Tomorrow, millions of people across America will once again make an attempt at the Norman Rockwell Thanksgiving dinner. It has occurred to me that one of the most difficult tasks in the process is making lump-free gravy. The development of lump-free gravy has baffled many cooks for many years. I have mastered the making of such gravy and am offering my tips here. I hope this helps.
(Just a side note: If you cook your turkey properly, it will not be so dry as to require gravy. Indeed, my turkey is never dry. I brown the outside first in a 500-degree oven for 20-30 minutes, cover it with two layers of tin foil, and then bake it according to the package instructions. This is just an idea. You can continue to eat dried, overcooked turkey if you want to.)
Gravy begins with the roux. This is a French term that indicates the gravy base. It usually consists of either flour or cornstarch AND either milk or broth. Any combination of these ingredients will be found at the beginning of the recipe for any gravy. My preferred method for breakfast gravy is flour and milk, but for gravy with turkey, flour and turkey broth are common.
When you combine the flour and liquid, it is very important that it have no lumps in it. If you start with lumps, you will end with lumps. I begin by placing 2-3 tablespoons of flour into a large drinking glass, then filling it with milk. I use a fork to stir it thoroughly, making sure that none of the flour is stuck to the side of the clear glass. Using a fork will help to break up the flour lumps.
Next, use a skillet that has a very small amount of a fat in it. Bacon grease works very well and will take less than half a teaspoon. After I finish cooking bacon for breakfast or for a salad at Thanksgiving, I empty most of the grease into a holding jar, leaving very little behind. Turn the heat to a medium-high (my gauge reads 1-10 and I put the burner between 6-7).
The real secret lies in these two things: a wire whisk and the next three minutes.
I love using a wire whisk to stir the gravy while cooking it. My preferred tool is the large wire whisk by Pampered Chef (if you don’t have a dealer, just post a note on Facebook and 15 people will reply). Using a spoon will only push the lumps together where they will quickly breed, making even more lumps.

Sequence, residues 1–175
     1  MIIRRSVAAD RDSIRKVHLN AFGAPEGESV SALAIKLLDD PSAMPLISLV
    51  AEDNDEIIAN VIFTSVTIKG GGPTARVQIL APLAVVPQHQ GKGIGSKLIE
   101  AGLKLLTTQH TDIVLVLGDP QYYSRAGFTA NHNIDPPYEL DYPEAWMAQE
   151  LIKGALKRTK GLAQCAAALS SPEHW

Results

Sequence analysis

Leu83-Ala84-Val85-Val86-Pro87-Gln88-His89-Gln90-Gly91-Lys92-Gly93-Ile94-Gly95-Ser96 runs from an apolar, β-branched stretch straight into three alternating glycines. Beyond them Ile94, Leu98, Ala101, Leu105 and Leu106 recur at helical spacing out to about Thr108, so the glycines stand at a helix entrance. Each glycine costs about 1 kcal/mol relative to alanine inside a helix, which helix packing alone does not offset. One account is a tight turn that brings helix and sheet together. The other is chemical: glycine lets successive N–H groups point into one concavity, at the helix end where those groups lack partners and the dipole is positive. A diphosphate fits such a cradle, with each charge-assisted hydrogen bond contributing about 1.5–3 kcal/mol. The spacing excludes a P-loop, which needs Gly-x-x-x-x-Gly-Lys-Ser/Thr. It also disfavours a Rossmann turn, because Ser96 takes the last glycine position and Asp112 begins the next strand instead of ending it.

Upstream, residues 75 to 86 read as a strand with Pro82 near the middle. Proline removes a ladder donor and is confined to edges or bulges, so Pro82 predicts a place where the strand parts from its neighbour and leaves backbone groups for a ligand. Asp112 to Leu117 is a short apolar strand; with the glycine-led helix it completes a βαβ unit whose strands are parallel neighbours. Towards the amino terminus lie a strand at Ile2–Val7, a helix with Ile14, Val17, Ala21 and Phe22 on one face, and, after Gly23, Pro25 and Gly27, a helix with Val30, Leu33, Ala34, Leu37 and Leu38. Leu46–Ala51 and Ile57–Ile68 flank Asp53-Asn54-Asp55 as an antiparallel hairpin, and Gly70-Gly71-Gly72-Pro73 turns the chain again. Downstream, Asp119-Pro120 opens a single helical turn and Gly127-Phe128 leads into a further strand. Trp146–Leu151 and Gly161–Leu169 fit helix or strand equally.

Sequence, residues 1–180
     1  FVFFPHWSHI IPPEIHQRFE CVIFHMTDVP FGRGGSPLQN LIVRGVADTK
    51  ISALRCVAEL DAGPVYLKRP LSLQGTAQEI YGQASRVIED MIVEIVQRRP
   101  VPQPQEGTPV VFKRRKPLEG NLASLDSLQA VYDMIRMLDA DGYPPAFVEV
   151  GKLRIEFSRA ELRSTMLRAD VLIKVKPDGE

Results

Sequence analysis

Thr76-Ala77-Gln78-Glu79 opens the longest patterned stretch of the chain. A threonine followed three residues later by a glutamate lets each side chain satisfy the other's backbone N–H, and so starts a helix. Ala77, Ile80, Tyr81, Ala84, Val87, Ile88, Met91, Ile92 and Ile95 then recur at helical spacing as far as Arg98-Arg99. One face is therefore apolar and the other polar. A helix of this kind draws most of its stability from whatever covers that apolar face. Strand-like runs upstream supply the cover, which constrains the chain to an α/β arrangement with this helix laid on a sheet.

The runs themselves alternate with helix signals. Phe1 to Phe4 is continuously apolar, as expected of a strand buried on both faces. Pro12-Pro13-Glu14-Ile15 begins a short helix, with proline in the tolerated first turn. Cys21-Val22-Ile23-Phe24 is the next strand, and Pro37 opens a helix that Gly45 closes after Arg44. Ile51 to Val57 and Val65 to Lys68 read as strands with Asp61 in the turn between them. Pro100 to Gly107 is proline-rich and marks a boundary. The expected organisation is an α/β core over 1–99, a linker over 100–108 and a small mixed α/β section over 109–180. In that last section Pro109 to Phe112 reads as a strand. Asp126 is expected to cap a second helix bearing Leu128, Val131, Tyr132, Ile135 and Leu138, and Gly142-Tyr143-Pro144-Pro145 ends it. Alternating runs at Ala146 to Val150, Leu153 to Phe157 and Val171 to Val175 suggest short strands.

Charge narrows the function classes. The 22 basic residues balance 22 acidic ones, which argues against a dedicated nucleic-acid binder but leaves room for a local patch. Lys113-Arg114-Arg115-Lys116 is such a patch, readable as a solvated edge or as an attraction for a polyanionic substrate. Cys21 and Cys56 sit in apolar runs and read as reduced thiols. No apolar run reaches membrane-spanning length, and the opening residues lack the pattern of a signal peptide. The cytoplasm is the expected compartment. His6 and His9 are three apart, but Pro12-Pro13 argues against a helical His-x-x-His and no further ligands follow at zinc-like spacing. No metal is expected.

Carefully add the roux to the skillet and stir like mad, slowly adding more liquid (whichever your recipe requires – I prefer milk) a little at a time. You will notice how quickly the gravy coagulates, so continue to add a small amount of the liquid and stir. If you do not stir, your gravy will be lumpy. Stirring is the key. I actually discovered this when I was not yet a teenager. My mother always just added the roux and liquid and left the stove to do other things. She would come back a couple of minutes later and try to stir to no avail. When she left me to do the cooking once, I stirred the gravy non-stop for three minutes and received high compliments. You must stir at the beginning of this process.
You also do not want the gravy to be too thin. Do not be tempted to add more liquid than necessary. This is really a decision that must be made individually based on what you see and feel. If your gravy gets too thin, you will have to add either more flour, cornstarch, or instant potato flakes. Add this ingredient slowly while you continue to stir.
Gravy is the last thing you make before sitting down to eat. If it sits for more than a couple of minutes, it can develop a thick skin on top. No amount of stirring can remedy that, so serve it immediately.
Happy Thanksgiving, and may a lump-less gravy be yours!